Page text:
SEPTEMBER 1, 1949 to AUGUST 31, 1950 



Receipts 

Bank Balance September 1, 1949 

Receipts from Fees (14,266 members 

@ $.50) $7,133.00 

National Convention Receipts 1,006.50 

Miscellaneous Receipts 348.53 

Camp Fund Donations 160.00 

Total Receipts 

Total Balance and Receipts 

Refunds — overpayment of fees 

Total Balance, Receipts & Refunds.... 



Less: Expenditures 

National Dues $1,484.40 

District Rally Expenses 120.00 

Executive Board Expenses 186.04 

Audit (1948-49) 25.00 

Postage, Printing and Supplies 631.48 

Newsletter (4 issues) 3,781.54 

Delegate Expenses to National Convention 1,131.50 

Pictures 70.80 

To Petty Cash 20.00 

State Convention 447.03 

Honor Awards and Pins 42.31 

Miscellaneous (handbooks and Guides) 5.03 

Camp Fund Donations 160.00 

Total Expenditures 

Refunds - 

Total Expenditures and Refunds • 

Balance 

Petty Cash Balance 

Total Balance 



$1,698.18 



8,648.03 

10,346.21 

10.65 

$10,356.86 



8,105.13 
10.65 



$2,241.08 
8.49 



3,115.78 



$2,249.57 



guy 



mLJOAJijjGEnimLjgjj ^^ 



Future Homemakers of America 

CREED 

We are the Future Homemakers of America 
We face the future with warm courage, 
And high hope, 

For we have the clear consciousness of seeking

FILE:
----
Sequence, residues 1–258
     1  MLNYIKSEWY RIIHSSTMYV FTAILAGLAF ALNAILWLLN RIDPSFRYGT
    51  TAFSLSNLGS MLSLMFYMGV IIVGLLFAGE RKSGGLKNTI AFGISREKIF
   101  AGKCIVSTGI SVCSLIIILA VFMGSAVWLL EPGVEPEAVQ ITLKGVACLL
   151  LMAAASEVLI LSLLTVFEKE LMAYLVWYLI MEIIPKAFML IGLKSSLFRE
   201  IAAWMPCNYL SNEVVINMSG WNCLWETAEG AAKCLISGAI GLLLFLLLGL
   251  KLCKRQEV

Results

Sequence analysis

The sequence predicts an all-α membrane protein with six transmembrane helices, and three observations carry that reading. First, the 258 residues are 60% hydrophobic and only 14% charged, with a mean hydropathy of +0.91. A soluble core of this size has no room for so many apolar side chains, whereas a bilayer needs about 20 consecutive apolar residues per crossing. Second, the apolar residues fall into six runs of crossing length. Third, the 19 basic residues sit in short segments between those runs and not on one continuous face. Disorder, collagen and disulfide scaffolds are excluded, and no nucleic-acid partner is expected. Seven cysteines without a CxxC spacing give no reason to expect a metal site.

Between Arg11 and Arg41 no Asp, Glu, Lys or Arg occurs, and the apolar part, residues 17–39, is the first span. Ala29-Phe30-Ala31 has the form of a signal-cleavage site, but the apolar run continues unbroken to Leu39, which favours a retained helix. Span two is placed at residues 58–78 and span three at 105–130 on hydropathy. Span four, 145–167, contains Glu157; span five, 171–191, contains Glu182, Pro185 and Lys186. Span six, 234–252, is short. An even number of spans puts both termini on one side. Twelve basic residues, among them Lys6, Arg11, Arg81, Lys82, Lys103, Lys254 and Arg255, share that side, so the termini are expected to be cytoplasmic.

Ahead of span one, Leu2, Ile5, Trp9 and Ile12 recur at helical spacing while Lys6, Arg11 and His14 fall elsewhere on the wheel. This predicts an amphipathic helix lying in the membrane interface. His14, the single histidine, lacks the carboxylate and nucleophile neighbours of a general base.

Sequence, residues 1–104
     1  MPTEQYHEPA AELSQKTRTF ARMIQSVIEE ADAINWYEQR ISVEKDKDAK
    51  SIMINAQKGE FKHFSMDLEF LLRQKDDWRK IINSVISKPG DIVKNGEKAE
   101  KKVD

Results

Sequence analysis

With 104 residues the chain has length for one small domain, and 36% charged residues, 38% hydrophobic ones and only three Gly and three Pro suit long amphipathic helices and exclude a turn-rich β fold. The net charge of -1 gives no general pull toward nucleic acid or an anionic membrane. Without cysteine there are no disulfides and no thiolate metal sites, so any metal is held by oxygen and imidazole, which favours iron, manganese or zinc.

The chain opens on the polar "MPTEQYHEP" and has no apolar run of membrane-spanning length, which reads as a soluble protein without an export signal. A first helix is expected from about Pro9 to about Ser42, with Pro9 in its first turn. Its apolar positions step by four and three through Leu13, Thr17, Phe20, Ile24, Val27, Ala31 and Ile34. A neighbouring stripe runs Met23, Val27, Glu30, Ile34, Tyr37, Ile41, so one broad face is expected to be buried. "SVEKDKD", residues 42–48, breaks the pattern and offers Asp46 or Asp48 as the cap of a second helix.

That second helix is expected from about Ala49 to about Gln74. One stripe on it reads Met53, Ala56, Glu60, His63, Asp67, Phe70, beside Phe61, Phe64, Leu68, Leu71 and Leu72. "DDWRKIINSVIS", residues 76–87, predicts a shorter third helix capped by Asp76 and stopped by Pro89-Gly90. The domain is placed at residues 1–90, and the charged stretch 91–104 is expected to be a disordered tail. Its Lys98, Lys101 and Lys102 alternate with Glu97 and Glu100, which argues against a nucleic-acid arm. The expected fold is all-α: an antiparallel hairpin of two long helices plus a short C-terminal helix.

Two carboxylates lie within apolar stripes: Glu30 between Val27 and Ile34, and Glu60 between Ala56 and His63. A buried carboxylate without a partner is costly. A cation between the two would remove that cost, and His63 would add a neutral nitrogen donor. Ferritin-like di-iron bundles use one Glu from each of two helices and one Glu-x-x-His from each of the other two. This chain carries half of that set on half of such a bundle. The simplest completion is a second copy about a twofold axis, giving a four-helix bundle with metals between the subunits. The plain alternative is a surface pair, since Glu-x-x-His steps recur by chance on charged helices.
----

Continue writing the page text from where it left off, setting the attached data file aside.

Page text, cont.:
Old and precious values. 

For we are the builders of homes, 

Homes for America's future. 

Homes where living will be the expression of everything 

That is good and fair. 

Homes where truth and love and security and faith 

Will be realities, not dreams. 

We are the Future Homemakers of America. 
We face the future with warm courage, 
And high hope. 




"The homes of tomorrow are in 

the hands of the youth 

of today" 




CAROLINE SA\S 



TIME FOR EVERYTHING 

Take time to work — it is the price of success. 

Take time to think — it is the source of power. 

Take time to play — it is the secret of perpetual 
youth. 

Take time to read — it is the foundation of wisdom. 

Take time to be friendly — it is the road to happi- 
ness. 

Take time to dream — it is hitching your wagon to 
a star. 

Take time to love and be loved — it is the privilege 
of the gods. 

Take time to look around — it is too short a day to 
be selfish. 

Take time to laugh — it is the music of the soul. 
Old English Prayer. 



VrTTTItTrrTTTITTTITITrTrT ^ ^ 



EffiS 




FUTURE HOMEMAKERS 

* North Carolina Association * 



VOLUME VIII 



DECEMBER 1950 



NUMBER I 




Puddings steaming, candles 
gleaming, 

Branches weighted down. 

Christmas on the farms and 
ranches! 

Christmas in the town! 

Christmas on the mountain 
ridges! 

Christmas on the sea! 

May your Christmas day be 
merry 

Wheresoe'er you be! 

— Selected. 



North Carolina Association of Future Homemakers of America 



STATE OFFICERS 

President — Clara Jean Hunter, Pilot Mountain Mrs. 

Vice-President — Martha Fulcher, Davidson Miss